Potent oils: It is important to note that although some oils are approved for internal consumption, they are still extremely potent and should be used with caution. Always use the toothpick method when cooking with Cassia, Cinnamon, Clove, Cumin, Oregano, or Thyme. If you are ever adding these oils to beverages, be sure you have at least four ounces of liquid so that the oil is properly diluted.
How do I know how much of an essential oil to add? Although there are a lot of variables that go into determining how much of an oil to add to your recipe, as you practice cooking with essential oils and experiment a little bit, you’ll soon be able to tell how much of a particular oil to add based on what you are making and your personal taste buds. I suggest starting with the toothpick method, and taste-testing until you get the amount of flavor that you want. Then, once you have a little more practice cooking with essential oils, you’ll have a better idea of how much of an oil to add, and you won’t have to use the toothpick method every time, or do as much taste-testing throughout the cooking process.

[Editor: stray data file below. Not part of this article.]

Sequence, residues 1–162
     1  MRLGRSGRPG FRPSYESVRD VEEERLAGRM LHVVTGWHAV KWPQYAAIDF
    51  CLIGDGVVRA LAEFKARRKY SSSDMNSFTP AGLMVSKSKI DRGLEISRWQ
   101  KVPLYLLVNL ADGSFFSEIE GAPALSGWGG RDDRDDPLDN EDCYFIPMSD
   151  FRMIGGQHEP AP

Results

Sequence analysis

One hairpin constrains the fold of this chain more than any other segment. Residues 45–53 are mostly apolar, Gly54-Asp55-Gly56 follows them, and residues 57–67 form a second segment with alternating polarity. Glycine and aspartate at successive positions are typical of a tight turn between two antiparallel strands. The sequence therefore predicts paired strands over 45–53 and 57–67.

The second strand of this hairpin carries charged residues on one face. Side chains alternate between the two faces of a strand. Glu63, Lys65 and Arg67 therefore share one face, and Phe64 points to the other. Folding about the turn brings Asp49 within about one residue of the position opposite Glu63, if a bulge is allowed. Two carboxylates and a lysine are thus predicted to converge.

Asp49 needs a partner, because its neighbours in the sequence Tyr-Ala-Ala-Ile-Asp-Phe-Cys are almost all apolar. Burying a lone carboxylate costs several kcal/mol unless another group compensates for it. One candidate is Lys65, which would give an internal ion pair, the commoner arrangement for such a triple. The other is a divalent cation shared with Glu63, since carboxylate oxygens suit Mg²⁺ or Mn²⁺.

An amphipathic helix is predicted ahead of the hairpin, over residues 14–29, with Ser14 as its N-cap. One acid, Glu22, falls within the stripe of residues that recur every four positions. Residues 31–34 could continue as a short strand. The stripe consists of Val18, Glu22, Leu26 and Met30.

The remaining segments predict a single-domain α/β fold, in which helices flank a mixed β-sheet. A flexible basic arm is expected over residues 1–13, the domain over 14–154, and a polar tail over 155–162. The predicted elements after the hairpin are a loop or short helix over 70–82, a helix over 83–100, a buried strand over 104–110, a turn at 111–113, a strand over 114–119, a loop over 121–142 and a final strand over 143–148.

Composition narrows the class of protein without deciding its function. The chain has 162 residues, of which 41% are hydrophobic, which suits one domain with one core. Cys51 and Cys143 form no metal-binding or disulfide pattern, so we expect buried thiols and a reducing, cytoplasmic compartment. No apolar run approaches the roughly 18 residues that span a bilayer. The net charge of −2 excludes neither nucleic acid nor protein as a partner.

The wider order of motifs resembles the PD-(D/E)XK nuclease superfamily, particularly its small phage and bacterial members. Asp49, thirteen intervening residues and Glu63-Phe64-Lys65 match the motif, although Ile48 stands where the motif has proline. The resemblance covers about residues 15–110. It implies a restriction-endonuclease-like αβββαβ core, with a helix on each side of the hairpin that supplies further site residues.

For many recipes, adding an entire drop of oil, or even several drops of oil, is completely fine. Just remember—once you’ve added an essential oil to your food or drink, you cannot take it back. Always be careful when adding essential oils to your food, and use the toothpick method until you feel more comfortable cooking with oils.
When you are first getting started with cooking using essential oils, it can be overwhelming to determine which oils to add to your recipes because there are so many different types of oils and an endless amount of flavor combinations. Let’s go over a few different categories of essential oils and how to use them in your cooking.